These High APY Savings Accounts Could Continue to Spike After Yesterday’s Fed Rate Hike

Many or all of the products here are from our partners that compensate us. It’s how we make money. But our editorial integrity ensures our experts’ opinions aren’t influenced by compensation. Terms may apply to offers listed on this page. APY = Annual Percentage Yield. APYs are subject to change at any time without notice.

KEY POINTS

  • With rising consumer interest rates coming on the heels of Fed interest rate hikes, it's not a great time to leave extra money in your checking account.
  • Most checking accounts don't earn interest.
  • There are several banks offering APYs of over 3% on savings accounts.

Here we go again.

The Federal Reserve has raised rates yet again in an attempt to tame this year's runaway inflation, to absolutely no one's surprise. On Nov. 2, the Fed moved the target rate by three-quarters of a point, and the range now stands at 3.75% to 4%. That's the highest the federal funds rate has been since Jan. 2008.

What does this mean for you as a consumer? Even though this change only directly changes the rate at which banks and credit unions borrow money from each other, it will also impact consumer borrowing by raising interest rates on products like personal loans, credit cards…and savings accounts.

We recently covered why now is an especially bad time to keep a lot of money in your checking account, and as we see interest rates changing on other types of bank accounts, this keeps getting more and more true. Since most checking accounts don't earn interest, any money you keep in one should really be earmarked for uses like paying bills that are due in the near term, along with some cash buffer to keep you from accidentally overdrafting your account. So where should that extra money go instead?

High-yield options for your money

If you've got a longer-term plan like buying a home in a few years, you can put your money into certificates of deposit (CDs) or a money market account. But perhaps the easiest and most user-friendly place to stash your cash is a high-yield savings account. A savings account is the perfect place for your emergency fund in particular. While the interest you earn on money stored in one of these accounts won't beat the rate of inflation, it will help. And since savings accounts with high APYs (annual percentage yield, or how much interest you'll earn on a yearly basis) are often easy to open and manage by way of robust websites and mobile apps, it pays to give one of the following accounts a look. As of this writing, you can earn at least 3% APY on all of them, plus your money will be FDIC-insured.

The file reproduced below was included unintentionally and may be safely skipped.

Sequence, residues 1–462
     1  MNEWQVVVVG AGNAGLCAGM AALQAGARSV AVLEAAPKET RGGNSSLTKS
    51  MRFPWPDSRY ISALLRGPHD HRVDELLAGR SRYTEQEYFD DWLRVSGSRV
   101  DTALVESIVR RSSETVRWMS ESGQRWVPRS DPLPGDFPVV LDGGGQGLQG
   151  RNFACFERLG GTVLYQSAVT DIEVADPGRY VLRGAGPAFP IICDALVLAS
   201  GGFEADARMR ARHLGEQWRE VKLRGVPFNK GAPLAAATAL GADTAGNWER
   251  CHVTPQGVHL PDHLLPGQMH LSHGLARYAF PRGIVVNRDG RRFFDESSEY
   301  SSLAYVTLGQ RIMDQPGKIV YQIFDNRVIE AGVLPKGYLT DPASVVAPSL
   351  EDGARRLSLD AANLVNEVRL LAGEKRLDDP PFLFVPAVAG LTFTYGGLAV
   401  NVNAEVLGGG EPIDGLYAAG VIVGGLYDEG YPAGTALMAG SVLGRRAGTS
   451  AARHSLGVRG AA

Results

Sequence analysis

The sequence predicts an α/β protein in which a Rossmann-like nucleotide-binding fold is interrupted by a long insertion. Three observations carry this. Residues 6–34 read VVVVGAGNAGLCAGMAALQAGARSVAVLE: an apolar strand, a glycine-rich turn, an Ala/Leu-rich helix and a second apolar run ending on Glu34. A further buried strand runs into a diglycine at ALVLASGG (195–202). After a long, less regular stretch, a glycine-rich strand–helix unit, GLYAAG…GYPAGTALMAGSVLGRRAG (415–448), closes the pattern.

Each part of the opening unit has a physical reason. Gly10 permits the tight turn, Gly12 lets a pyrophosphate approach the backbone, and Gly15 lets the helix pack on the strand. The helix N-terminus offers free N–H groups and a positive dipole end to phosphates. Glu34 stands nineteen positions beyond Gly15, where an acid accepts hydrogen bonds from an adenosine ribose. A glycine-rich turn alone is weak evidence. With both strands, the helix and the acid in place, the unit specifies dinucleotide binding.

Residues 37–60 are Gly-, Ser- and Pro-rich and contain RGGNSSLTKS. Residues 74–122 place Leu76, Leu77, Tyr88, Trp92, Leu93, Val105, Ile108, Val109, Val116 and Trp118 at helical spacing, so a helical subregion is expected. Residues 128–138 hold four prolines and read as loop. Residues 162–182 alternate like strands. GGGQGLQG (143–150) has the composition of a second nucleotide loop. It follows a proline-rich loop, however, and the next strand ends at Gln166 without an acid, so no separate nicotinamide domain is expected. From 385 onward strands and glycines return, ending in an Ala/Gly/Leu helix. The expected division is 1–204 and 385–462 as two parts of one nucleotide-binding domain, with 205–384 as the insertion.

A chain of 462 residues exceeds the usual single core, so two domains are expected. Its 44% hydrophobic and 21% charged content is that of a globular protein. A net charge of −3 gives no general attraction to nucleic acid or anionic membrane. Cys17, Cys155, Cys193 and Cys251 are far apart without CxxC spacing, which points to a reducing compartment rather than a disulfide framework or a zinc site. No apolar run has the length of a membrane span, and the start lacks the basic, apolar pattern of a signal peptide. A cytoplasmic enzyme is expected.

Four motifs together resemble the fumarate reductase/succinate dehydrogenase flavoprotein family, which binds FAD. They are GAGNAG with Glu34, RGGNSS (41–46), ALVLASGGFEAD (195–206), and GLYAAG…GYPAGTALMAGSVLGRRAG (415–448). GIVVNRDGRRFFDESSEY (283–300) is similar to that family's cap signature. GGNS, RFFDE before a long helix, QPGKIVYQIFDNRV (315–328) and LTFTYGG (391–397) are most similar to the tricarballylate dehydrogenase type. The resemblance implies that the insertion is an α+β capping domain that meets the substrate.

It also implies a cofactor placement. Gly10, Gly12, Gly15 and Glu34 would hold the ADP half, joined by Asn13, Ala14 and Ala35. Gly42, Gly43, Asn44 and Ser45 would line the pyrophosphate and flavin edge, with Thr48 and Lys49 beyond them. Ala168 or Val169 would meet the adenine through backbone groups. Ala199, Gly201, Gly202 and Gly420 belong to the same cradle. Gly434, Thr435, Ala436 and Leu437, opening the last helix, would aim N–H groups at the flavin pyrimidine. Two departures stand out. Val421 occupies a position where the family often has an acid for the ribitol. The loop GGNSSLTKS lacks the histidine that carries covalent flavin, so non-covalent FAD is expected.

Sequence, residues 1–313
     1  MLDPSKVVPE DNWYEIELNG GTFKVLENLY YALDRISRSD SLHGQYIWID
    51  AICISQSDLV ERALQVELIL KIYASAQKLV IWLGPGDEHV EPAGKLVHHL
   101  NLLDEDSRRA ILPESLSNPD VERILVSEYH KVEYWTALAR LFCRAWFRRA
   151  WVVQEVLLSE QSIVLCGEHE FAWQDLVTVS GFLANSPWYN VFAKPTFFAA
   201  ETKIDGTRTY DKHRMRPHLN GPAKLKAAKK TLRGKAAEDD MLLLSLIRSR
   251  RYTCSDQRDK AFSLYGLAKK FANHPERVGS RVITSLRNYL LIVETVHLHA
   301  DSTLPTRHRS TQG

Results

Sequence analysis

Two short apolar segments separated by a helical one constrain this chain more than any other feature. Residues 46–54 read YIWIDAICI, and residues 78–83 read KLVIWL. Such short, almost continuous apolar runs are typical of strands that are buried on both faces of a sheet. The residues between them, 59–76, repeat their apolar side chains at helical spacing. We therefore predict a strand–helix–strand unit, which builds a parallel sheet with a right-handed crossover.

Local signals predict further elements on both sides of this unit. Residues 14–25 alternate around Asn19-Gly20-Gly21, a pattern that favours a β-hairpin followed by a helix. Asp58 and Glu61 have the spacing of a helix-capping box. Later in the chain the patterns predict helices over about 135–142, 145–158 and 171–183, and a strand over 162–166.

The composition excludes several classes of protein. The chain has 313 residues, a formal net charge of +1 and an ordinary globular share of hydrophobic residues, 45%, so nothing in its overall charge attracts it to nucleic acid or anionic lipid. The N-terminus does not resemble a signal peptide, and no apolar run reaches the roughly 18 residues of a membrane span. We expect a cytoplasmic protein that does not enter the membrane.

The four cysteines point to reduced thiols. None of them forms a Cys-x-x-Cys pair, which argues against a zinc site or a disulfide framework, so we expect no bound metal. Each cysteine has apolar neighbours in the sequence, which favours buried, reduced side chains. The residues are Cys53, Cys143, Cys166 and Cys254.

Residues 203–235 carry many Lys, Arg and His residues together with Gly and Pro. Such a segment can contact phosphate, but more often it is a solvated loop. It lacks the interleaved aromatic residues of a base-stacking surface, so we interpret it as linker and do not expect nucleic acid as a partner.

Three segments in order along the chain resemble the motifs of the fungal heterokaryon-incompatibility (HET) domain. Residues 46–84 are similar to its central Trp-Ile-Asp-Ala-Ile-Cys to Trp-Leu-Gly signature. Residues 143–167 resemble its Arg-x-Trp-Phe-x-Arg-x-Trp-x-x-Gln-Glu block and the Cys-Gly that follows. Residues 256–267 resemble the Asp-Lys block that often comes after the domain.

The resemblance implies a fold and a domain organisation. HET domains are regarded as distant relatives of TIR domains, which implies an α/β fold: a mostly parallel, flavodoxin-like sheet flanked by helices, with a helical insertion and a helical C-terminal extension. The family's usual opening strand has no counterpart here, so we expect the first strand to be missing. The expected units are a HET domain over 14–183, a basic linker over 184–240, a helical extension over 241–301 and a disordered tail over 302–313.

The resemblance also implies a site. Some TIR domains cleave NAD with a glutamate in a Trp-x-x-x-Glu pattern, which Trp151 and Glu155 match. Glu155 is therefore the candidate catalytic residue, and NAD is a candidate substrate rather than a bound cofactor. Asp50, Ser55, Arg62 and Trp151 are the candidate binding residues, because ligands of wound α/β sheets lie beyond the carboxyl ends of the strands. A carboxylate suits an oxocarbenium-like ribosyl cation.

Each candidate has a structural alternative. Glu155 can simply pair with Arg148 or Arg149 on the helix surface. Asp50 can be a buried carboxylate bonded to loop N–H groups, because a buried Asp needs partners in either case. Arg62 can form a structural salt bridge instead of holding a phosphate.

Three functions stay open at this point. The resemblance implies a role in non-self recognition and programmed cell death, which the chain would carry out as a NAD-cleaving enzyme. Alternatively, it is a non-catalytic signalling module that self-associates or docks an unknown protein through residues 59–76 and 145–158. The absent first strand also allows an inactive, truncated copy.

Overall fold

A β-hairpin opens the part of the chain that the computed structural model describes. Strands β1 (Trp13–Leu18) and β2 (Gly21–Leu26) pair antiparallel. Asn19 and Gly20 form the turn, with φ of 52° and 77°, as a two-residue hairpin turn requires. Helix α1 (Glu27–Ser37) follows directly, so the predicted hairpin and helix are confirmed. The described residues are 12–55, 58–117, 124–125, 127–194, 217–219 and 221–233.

UFB Secure Savings Account: 5.25%

UFB Direct is a fintech company that offers banking services, including a high-yield savings account. The UFB Secure Savings Account has no monthly maintenance fee, comes with a complimentary ATM card, and even includes checking-writing capabilities (and a round of free checks). Plus, no minimum deposit is required.

LendingClub High-Yield Savings: 5.00%

LendingClub High-Yield Savings offers a free ATM card (and reimbursement for any ATM fees you may incur from using machines affiliated with other banks). As an account holder, you'll also have access to an integrated financial dashboard as part of its online banking services, which can help you analyze your spending and improve your financial habits. And you don't need a minimum deposit to open this account.

First Foundation Bank Online Savings: 5.00%

The First Foundation Bank Online Savings account has a high minimum deposit required ($1,000), but it also offers a very functional mobile app. Account holders can request a free ATM card to help with account management and make cash withdrawals easy.

CIT Savings Connect: 4.65%

CIT Bank's CIT Savings Connect account has a $100 minimum deposit requirement, but the bank is backed by First Citizens Bank, a top-20 U.S. financial institution. Your account will also come without monthly maintenance fees.

Consider your options

Is a high-yield savings account right for you? These accounts are pretty easy to use, and if you're comfortable with banking online, there are plenty of attractive options out there paying more than the national average for savings account APY. One of these accounts could be a great place for your money, especially right now.

These savings accounts are FDIC insured and could earn you 11x your bank

Many people are missing out on guaranteed returns as their money languishes in a big bank savings account earning next to no interest. Our picks of the best online savings accounts could earn you 11x the national average savings account rate. Click here to uncover the best-in-class accounts that landed a spot on our short list of the best savings accounts for 2024.

Two of our top online savings account picks:

Rates as of May 26, 2024 Ratings Methodology
Advertisement
SoFi Checking and Savings Barclays Online Savings
Member FDIC. Member FDIC.
Rating image, 4.50 out of 5 stars.
4.50/5 Circle with letter I in it. Our ratings are based on a 5 star scale. 5 stars equals Best. 4 stars equals Excellent. 3 stars equals Good. 2 stars equals Fair. 1 star equals Poor. We want your money to work harder for you. Which is why our ratings are biased toward offers that deliver versatility while cutting out-of-pocket costs.
= Best
= Excellent
= Good
= Fair
= Poor
Rating image, 4.00 out of 5 stars.
4.00/5 Circle with letter I in it. Our ratings are based on a 5 star scale. 5 stars equals Best. 4 stars equals Excellent. 3 stars equals Good. 2 stars equals Fair. 1 star equals Poor. We want your money to work harder for you. Which is why our ratings are biased toward offers that deliver versatility while cutting out-of-pocket costs.
= Best
= Excellent
= Good
= Fair
= Poor

APY: up to 4.60%

APY: 4.35%

Min. to earn APY: $0

Min. to earn APY: $0

Our Research Expert

Related Articles

View All Articles Learn More Link Arrow